The ancient Egyptian catacomb honoring Anubis, the jackal-headed god of death and funerals, once held 8 million mummified dogs, according to a new study, which was the first to thoroughly investigate the underground tomb.
18 June 2015, 08:07 AM ET
In ancient Egypt, so many people worshiped Anubis, the jackal-headed god of death, that the catacombs next to his sacred temple once held nearly 8 million mummified puppies and grown dogs, a new study finds.
17 June 2015, 02:55 PM ET
Photos from a search expedition to solve the mystery of Amelia Earhart's disappearance.
17 June 2015, 02:36 PM ET
The search for Amelia Earhart is on (again).
17 June 2015, 08:55 AM ET
Ebola may have struck Athens during ancient times, one researcher says.
17 June 2015, 05:45 AM ET
If the English King Richard III was the "king in a car park," King Henry I may prove to be the "king in a playground." British historians and archaeologists are turning to a church and school yard in Reading in search of the remains of Henry I.
16 June 2015, 10:40 AM ET
A 3,000-year-old ceramic jar discovered in pieces in Israel has been restored to reveal a rare inscription of the name of a ruler and biblical figure whose reign coincided with that of King David.
16 June 2015, 09:16 AM ET
A rare inscription on a ceramic jar dates back to the time of King David, in the 10th century B.C., according to archaeologists with the Israel Antiquities Authority.
15 June 2015, 05:48 AM ET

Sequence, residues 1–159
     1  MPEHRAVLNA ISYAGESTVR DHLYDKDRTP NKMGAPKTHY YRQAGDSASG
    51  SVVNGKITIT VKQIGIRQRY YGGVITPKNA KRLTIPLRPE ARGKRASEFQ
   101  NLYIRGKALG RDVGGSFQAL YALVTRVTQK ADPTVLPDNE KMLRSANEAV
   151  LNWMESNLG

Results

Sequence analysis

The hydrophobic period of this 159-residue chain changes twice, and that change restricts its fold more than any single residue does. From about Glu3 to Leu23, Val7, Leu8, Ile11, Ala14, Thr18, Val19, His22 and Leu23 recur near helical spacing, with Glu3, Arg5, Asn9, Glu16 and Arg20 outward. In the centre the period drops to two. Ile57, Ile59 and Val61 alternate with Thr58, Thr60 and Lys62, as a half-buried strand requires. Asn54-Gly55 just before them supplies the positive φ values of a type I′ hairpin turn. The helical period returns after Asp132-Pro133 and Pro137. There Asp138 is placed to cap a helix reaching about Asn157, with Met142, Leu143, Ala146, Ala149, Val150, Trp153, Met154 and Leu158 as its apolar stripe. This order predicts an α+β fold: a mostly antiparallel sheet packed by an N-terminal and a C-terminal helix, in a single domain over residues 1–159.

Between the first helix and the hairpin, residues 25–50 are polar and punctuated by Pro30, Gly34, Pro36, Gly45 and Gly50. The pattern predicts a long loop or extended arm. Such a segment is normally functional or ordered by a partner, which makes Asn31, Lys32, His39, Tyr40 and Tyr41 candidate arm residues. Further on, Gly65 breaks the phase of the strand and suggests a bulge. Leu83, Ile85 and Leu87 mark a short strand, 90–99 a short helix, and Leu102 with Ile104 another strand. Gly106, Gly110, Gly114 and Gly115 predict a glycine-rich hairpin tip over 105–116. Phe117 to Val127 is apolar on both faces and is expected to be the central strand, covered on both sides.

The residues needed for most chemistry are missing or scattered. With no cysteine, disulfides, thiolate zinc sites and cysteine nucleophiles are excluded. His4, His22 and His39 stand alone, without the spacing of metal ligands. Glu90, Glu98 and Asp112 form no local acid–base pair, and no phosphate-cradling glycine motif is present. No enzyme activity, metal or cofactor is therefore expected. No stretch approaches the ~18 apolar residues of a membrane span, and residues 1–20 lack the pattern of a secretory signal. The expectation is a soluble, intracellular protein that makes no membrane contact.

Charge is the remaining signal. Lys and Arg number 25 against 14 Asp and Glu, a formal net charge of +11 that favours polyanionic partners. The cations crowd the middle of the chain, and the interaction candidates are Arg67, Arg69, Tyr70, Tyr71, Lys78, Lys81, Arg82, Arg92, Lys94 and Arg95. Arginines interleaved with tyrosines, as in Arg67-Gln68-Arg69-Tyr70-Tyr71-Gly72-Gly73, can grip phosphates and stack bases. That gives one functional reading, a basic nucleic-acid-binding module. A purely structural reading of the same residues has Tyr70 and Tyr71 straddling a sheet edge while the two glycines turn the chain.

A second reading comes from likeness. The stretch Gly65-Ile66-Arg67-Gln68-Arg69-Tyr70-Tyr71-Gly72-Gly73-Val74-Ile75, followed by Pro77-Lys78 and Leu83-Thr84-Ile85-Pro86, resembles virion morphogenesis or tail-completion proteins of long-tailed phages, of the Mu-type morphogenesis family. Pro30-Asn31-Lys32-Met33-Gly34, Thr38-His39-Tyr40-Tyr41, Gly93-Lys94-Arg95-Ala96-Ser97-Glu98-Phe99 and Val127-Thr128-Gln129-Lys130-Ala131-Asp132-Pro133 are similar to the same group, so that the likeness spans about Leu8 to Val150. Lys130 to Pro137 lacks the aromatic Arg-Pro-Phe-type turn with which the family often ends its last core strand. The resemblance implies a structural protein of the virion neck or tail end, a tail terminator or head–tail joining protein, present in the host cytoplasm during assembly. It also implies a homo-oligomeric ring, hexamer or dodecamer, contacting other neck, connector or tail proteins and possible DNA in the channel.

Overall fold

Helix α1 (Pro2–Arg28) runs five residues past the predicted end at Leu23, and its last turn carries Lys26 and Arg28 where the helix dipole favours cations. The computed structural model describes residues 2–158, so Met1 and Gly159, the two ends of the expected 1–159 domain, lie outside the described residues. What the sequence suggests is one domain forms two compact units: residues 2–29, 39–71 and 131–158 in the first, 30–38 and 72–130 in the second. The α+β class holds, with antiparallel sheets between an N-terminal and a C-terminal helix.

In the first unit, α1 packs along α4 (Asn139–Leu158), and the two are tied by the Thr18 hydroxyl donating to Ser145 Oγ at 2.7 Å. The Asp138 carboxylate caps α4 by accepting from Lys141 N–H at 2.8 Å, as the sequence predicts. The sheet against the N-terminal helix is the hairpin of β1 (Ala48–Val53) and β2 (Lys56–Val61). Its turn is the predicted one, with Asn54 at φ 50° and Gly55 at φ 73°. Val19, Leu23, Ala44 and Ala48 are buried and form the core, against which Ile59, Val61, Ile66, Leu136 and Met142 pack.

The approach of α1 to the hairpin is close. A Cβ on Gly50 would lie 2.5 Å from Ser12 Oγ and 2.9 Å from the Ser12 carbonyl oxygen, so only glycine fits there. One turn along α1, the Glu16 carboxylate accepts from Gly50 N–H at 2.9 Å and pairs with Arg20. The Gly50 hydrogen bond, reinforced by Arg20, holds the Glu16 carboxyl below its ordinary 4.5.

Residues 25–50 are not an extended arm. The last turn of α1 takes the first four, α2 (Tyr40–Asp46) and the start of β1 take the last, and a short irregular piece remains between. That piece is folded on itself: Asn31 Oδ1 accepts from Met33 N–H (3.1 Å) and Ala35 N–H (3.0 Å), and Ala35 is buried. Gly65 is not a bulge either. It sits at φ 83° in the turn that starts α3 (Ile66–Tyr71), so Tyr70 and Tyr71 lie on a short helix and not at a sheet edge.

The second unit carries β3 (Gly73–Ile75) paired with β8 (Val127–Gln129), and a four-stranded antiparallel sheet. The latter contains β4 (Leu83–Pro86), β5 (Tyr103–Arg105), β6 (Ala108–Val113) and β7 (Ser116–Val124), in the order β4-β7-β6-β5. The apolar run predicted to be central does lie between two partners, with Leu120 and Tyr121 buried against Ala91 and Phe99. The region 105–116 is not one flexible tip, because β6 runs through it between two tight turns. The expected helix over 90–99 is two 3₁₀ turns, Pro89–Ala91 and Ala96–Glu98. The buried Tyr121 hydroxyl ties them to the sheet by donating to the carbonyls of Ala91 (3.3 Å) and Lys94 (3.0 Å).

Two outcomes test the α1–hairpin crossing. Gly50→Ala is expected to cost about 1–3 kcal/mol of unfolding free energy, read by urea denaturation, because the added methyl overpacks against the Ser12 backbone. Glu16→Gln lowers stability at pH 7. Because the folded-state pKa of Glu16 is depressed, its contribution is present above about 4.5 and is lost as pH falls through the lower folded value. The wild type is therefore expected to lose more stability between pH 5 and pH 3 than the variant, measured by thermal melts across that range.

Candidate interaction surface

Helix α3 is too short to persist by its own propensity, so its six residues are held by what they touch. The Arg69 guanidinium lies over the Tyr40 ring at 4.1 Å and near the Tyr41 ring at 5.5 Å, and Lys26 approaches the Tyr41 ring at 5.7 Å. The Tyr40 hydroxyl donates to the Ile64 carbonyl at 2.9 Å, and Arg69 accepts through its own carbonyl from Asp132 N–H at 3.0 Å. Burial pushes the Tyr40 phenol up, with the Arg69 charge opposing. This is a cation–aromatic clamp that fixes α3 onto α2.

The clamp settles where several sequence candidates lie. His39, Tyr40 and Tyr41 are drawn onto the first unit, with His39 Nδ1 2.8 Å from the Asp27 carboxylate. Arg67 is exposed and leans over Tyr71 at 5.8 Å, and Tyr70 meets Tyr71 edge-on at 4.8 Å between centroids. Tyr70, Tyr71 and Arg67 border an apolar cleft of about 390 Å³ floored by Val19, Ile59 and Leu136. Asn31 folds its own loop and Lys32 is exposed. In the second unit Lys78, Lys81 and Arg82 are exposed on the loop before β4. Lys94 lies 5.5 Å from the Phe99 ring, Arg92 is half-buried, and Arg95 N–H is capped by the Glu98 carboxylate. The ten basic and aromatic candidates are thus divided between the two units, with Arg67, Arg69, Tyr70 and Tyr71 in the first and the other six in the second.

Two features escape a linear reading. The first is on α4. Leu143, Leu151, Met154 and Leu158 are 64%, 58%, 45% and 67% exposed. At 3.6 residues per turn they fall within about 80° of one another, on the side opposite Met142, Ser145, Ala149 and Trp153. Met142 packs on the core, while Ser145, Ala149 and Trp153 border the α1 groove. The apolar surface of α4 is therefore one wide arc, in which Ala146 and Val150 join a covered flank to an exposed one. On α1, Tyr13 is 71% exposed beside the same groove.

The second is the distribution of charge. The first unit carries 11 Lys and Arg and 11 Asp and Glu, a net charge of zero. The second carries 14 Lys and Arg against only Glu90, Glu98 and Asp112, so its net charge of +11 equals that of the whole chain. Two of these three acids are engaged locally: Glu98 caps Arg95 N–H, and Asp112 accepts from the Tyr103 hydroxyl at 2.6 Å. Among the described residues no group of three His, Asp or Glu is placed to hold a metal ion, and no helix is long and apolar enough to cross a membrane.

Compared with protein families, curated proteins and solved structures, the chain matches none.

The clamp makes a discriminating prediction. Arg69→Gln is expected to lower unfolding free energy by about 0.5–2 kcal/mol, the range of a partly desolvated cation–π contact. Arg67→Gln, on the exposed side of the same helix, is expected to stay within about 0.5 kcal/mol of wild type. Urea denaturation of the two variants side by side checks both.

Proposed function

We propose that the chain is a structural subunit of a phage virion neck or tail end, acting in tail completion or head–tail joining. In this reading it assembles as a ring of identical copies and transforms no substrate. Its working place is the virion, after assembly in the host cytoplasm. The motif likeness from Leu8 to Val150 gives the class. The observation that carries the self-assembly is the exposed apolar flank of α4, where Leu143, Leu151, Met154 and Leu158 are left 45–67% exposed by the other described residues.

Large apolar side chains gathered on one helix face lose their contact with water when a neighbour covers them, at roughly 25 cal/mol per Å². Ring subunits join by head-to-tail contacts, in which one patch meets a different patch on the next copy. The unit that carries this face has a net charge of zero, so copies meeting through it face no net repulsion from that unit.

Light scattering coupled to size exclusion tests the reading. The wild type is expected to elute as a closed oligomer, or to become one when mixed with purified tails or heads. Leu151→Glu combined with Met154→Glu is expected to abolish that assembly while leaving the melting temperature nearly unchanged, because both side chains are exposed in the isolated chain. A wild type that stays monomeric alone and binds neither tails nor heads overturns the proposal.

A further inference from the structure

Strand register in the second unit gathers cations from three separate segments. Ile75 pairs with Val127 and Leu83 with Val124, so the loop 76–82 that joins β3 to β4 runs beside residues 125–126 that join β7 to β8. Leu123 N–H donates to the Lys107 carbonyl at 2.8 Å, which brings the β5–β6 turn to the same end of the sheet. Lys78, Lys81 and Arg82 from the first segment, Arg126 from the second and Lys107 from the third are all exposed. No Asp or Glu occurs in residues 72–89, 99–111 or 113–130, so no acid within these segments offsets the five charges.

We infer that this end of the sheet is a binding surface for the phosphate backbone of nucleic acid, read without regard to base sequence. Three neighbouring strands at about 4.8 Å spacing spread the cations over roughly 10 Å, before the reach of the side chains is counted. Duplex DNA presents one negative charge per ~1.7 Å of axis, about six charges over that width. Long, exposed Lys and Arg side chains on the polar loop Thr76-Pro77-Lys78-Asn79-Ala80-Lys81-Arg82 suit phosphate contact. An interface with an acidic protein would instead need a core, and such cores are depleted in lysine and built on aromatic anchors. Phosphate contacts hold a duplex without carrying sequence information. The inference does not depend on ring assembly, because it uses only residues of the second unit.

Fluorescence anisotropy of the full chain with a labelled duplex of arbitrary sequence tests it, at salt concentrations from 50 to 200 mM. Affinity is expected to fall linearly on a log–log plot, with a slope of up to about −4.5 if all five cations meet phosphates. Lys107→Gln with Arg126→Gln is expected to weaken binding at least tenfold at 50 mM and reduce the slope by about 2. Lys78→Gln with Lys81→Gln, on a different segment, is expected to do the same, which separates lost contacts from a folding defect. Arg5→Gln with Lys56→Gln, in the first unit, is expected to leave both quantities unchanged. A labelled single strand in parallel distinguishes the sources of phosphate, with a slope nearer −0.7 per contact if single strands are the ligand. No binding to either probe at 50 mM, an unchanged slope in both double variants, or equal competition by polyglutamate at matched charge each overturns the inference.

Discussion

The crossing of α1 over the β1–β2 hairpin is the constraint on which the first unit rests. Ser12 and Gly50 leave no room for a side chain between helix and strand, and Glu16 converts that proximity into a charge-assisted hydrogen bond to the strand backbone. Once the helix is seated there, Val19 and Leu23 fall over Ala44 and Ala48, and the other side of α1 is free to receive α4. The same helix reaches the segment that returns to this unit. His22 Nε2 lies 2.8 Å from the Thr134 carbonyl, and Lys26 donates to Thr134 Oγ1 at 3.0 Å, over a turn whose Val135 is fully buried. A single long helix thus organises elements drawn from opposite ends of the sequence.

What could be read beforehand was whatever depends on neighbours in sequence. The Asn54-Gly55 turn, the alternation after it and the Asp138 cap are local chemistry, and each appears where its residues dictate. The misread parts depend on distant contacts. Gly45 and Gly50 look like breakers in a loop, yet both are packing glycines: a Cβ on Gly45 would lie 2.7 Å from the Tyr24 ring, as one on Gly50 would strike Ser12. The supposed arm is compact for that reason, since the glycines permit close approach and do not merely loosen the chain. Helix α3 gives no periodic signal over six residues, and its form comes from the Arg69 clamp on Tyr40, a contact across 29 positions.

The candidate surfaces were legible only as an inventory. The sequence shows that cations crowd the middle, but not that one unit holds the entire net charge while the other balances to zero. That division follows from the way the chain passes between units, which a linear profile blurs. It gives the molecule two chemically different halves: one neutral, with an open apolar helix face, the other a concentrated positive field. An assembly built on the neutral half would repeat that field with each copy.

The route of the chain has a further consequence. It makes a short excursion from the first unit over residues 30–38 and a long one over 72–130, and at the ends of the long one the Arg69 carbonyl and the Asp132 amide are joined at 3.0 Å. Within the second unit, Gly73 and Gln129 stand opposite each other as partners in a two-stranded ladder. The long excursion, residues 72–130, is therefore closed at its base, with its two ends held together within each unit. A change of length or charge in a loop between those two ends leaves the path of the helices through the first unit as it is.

Graffiti etched into walls of the ancient city of Aphrodisias reveals life some 1,500 years ago, including gladiator combat, chariot racing and religious fighting.
15 June 2015, 05:44 AM ET
Hundreds of graffiti messages dating to 1,500 years ago reveal gladiator combat, chariot racing , religious fighting and sex. Here are photos of the ancient graffiti found engraved onto ancient city walls.
11 June 2015, 04:25 PM ET
A plaster sphinx, more than 90 years old and weathered by the elements, will make its 21st-century debut at a museum in Guadalupe, California, tomorrow (June 12).
11 June 2015, 04:25 PM ET
After spending more than 90 years in the sandy dunes of Guadalupe, California, a majestic plaster Hollywood sphinx, created for the 1923 blockbuster silent film "The Ten Commandments," is making its 21st century debut.
11 June 2015, 12:44 PM ET
Men outnumbered women 10 to 1 in the early Seventies, but today that gap has closed to two to one.
11 June 2015, 07:34 AM ET
The aqueduct that fed ancient Rome carried hundreds of gallons of water per second, enough to support a million residents, a new calculation shows.
11 June 2015, 07:27 AM ET
It's a mystery worthy of Sherlock Holmes, with a backstory that puts "Game of Thrones" to shame: Who was laid to rest in a lavish, gold-filled Macedonian tomb near Vergina, Greece? Archaeologists may never agree if it's Alexander's dad or half brother.
10 June 2015, 01:20 PM ET
A highway upgrade turned into an archaeological discovery in Israel.
10 June 2015, 09:32 AM ET
Palace plots, assassination attempts and multiple marriages would have made family reunions in these royal lineages awkward, to say the least.